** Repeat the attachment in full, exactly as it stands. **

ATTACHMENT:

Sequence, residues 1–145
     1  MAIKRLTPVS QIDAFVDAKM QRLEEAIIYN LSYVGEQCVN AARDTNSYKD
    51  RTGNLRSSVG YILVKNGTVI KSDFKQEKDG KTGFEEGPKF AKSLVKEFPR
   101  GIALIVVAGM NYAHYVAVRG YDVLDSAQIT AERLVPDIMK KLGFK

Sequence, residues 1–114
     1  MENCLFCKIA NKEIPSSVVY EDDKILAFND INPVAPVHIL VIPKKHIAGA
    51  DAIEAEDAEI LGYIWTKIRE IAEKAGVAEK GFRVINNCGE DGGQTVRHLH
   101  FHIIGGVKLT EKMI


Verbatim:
Sequence, residues 1–145
     1  MAIKRLTPVS QIDAFVDAKM QRLEEAIIYN LSYVGEQCVN AARDTNSYKD
    51  RTGNLRSSVG YILVKNGTVI KSDFKQEKDG KTGFEEGPKF AKSLVKEFPR
   101  GIALIVVAGM NYAHYVAVRG YDVLDSAQIT AERLVPDIMK KLGFK

Sequence, residues 1–114
     1  MENCLFCKIA NKEIPSSVVY EDDKILAFND INPVAPVHIL VIPKKHIAGA
    51  DAIEAEDAEI LGYIWTKIRE IAEKAGVAEK GFRVINNCGE DGGQTVRHLH
   101  FHIIGGVKLT EKMI